Disclaimer: At UPMC HealthBeat, we strive to provide the most up-to-date facts in our stories when we publish them. We also make updates to our content as information changes. However, education about COVID-19 can shift quickly based on new data, emerging variants, or other factors. The information in this story was accurate as of its publish date. We also encourage you to visit other reliable websites for updated information, including the Centers for Disease Control and Prevention (CDC), Food and Drug Administration (FDA), and your state and local governments.
When you recover from COVID-19, your immune system still provides you with some leftover protection. But how long does that protection last, and is it possible to get COVID-19 twice?
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Can You Get COVID-19 Again?
People who recover from COVID-19 develop antibodies that should protect them from reinfection for a time.
However, immunity does not last forever after recovery. It is not known how long COVID-19 immunity lasts. It is possible to get COVID-19 again after recovering from it.
A study of British health care workers published in January 2021 reported reinfection is rare but possible. The second infection is typically less severe than the first.
COVID-19 variants spreading worldwide also make reinfection possible because they are mutated versions of the coronavirus.
As with other viruses, some reinfections are expected, according to the Centers for Disease Control and Prevention (CDC). The CDC is studying many different reinfection factors, including:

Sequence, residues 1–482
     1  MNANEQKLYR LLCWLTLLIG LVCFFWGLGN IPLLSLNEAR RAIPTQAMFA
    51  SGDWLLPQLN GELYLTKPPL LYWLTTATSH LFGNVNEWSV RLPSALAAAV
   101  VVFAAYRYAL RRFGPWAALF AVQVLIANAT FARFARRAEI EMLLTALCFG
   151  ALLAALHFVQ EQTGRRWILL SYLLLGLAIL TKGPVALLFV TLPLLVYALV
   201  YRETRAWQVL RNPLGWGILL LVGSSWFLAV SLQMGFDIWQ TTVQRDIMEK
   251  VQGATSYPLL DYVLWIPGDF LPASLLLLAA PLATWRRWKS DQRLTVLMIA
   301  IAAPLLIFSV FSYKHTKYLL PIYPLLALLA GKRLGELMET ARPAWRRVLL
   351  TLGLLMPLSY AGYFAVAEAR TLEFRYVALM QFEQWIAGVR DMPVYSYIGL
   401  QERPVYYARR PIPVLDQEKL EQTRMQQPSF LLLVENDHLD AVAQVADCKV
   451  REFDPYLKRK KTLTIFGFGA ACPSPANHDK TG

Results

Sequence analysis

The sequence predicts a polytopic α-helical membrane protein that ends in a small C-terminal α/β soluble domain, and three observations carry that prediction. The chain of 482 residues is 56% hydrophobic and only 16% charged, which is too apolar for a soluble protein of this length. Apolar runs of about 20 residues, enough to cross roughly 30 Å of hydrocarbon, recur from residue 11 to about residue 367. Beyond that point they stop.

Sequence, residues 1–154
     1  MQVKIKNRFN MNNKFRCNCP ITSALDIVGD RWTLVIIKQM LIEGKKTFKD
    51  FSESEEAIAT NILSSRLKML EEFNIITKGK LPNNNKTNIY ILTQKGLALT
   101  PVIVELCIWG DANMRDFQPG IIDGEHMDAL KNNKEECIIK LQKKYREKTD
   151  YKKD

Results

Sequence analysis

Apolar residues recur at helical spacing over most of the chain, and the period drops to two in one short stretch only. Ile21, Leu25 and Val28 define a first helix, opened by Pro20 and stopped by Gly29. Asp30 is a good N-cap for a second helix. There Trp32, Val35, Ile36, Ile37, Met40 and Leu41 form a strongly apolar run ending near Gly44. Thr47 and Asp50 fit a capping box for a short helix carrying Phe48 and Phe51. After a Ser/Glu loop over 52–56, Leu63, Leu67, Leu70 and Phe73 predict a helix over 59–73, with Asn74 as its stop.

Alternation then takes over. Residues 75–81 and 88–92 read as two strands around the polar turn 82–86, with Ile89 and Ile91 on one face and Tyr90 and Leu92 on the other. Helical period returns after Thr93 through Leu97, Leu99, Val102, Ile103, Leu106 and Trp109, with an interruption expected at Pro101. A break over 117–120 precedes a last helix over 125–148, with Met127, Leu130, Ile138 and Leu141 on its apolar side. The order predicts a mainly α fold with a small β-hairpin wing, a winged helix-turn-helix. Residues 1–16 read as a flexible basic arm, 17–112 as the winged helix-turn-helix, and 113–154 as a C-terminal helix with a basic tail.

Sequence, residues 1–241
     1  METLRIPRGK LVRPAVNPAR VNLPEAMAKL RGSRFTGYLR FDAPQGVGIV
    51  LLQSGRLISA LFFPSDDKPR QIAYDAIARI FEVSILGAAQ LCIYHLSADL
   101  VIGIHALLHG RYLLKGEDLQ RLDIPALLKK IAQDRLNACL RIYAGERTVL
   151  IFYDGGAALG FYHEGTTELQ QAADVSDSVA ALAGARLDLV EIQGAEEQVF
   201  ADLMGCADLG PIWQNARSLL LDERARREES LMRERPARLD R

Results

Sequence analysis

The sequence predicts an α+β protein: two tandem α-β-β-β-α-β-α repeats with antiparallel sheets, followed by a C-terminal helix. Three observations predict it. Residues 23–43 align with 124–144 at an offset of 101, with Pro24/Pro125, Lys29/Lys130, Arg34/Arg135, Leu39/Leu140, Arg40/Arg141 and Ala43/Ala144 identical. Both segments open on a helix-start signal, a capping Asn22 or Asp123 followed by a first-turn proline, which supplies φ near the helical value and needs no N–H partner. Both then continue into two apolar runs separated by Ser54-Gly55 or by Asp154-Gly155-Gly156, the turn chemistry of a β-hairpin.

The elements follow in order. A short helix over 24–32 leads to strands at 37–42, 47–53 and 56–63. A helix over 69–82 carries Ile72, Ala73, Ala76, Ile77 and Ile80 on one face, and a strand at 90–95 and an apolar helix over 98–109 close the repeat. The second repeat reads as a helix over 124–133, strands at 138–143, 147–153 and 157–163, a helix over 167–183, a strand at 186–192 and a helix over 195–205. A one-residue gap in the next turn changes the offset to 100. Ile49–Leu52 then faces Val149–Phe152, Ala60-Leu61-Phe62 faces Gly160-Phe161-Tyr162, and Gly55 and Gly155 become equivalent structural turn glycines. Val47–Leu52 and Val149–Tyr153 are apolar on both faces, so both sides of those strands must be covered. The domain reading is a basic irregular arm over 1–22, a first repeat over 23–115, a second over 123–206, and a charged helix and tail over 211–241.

- How likely it is to get reinfected.
- How often reinfection happens.
- How soon you can become reinfected after your first infection.
- How severe reinfection cases are.
- Which groups are at higher risk for reinfection.
- What reinfection means for a person’s immunity.
- Whether it’s possible to spread COVID-19 to others when reinfected.
How to Prevent COVID-19 Reinfection
Although natural immunity after recovery should protect you for some time, you can prevent reinfection in other ways.
Should I get vaccinated if I already had COVID-19?
Yes, you should.
Three COVID-19 vaccines are being distributed in the United States. Pfizer-BioNTech, Moderna, and Johnson & Johnson/Janssen (J&J) developed the vaccines. Millions of Americans have received vaccines since December 2020.
Because of the potential of reinfection, you should get the COVID-19 vaccine when it is available to you. If you have a current COVID-19 infection, you should wait until you are no longer contagious to get the vaccine.
Preventing COVID-19 reinfection
In addition to getting the COVID-19 vaccine, the CDC recommends other steps to limit your risk of reinfection.
- Wear a mask: Follow federal, state, and local guidance and laws about wearing a facemask. People over the age of 2 years old who are not fully vaccinated should wear a cloth face covering in public. The mask should cover your nose and mouth and fit snugly beneath your chin. If you are fully vaccinated, you can participate in many activities without a mask unless required to by laws, guidelines, or regulations.
- Keep social distancing: Stay 6 feet away from people not from your household while in public places. Avoid crowds and other situations where it is difficult to maintain 6 feet of distance.
- Maintain good hand hygiene: Wash your hands frequently with soap and water, scrubbing for 20 seconds before rinsing. If soap and water are unavailable, use hand sanitizer with at least 70% alcohol.
For more information about COVID-19, visit UPMC.com/COVID19.
Centers for Disease Control and Prevention, Myths and Facts About COVID-19 Vaccines. Link
Centers for Disease Control and Prevention, Reinfection With COVID-19. Link
Victoria Jane Hall, et al., Do Antibody Positive Healthcare Workers Have Lower SARS-CoV-2 Infection Rates than Antibody Negative Healthcare Workers? Large Multi-Centre Prospective Cohort Study (The SIREN Study), England: June to November 2020. Link
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